In North Carolina, to establish a case of negligence, the plaintiff must prove:
(3) causation, (cause-in-fact and proximate cause) and
First, a defendant owes a duty to conform to a specific standard of conduct for the protection of foreseeable plaintiffs. Breach occurs when the defendant fails to conform to that standard of conduct. Moreover, the defendant’s breach must be the cause-in-fact and proximate cause of the plaintiff’s harm. To prove cause-in-fact, the plaintiff must show the harm would not have occurred “but for” the defendant’s actions. To establish the defendant’s breach was the proximate cause of plaintiff’s harm, the plaintiff must show the result of the defendant’s conduct was foreseeable. Finally, damages include the plaintiff’s past and future medical expenses, lost income, property damages, and pain and suffering.
Negligence may be found not only in acts but also in omissions. An omission can be defined as a failure to do something, especially something that one has a moral or legal obligation to do. Thus, acts of omission occur when an actor is under a duty to act or to act in a certain way but fails to act.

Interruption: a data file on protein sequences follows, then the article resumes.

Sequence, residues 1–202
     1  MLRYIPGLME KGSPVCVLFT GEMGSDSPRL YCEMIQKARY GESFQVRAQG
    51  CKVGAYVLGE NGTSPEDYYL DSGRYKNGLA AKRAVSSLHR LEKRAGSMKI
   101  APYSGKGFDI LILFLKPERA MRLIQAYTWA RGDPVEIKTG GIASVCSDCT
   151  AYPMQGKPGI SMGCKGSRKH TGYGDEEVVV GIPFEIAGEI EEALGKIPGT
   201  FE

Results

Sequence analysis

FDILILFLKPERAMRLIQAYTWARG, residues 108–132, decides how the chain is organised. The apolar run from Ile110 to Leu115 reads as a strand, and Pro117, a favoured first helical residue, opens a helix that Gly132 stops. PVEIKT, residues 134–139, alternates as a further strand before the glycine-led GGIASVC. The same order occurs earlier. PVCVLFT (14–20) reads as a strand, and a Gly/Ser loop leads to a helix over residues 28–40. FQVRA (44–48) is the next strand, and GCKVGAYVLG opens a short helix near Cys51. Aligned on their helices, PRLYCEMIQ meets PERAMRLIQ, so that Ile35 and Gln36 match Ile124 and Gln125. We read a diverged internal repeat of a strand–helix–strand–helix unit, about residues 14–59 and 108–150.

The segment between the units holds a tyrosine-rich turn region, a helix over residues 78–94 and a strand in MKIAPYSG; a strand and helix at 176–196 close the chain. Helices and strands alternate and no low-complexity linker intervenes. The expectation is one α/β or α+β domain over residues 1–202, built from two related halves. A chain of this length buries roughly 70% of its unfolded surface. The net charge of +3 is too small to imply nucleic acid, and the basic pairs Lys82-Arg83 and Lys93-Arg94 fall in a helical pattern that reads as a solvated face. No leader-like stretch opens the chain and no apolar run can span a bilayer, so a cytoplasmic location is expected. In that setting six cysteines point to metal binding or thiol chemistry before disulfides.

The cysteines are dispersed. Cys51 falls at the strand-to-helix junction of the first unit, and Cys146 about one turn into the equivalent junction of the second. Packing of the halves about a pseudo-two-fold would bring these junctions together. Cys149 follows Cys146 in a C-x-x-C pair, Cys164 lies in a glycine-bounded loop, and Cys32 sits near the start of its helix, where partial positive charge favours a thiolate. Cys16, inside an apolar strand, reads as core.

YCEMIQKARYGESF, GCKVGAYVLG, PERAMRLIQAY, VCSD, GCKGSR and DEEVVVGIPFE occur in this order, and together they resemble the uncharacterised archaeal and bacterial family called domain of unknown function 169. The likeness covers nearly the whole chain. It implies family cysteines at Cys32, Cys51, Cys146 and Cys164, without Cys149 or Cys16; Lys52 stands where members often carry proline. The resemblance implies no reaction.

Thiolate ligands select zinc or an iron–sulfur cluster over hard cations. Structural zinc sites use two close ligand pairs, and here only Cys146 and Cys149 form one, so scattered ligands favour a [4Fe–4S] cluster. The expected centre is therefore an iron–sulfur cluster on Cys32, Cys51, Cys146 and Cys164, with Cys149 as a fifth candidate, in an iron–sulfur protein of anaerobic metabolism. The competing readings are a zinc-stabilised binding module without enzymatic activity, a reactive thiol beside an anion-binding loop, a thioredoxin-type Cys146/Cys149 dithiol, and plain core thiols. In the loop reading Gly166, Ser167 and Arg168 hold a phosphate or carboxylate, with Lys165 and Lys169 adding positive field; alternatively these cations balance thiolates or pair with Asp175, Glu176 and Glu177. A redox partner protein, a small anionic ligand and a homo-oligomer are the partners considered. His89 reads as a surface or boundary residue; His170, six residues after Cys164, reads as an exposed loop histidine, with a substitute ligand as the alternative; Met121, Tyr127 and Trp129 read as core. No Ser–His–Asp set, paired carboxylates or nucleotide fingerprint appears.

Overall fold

This failure to exercise due care may arise from either: (1) doing the wrong thing at the time and place in question or (2) from doing nothing when there is a legal duty imposed on you to act.
Negligence in Car Accidents can include various aspects like speeding, following too closely, failure to stop, failure to yield, inattentiveness, running through a red light, texting and driving, failing to yield a right of way, failing to stop at a stop sign, aggressive driving, reckless driving or simple carelessness at any given moment. In addition, not having your lights on during a night drive or failing to stop when a pedestrian is crossing the road may also be deemed as negligent.
Lastly, a violation of statute can be regarded as Negligence Per Se. Under this doctrine, an act is automatically considered to be negligent because it violates a statute (or regulation). However, these situations are limited to those when the statute in question creates a specific duty and prescribes a course of conduct for the protection of others.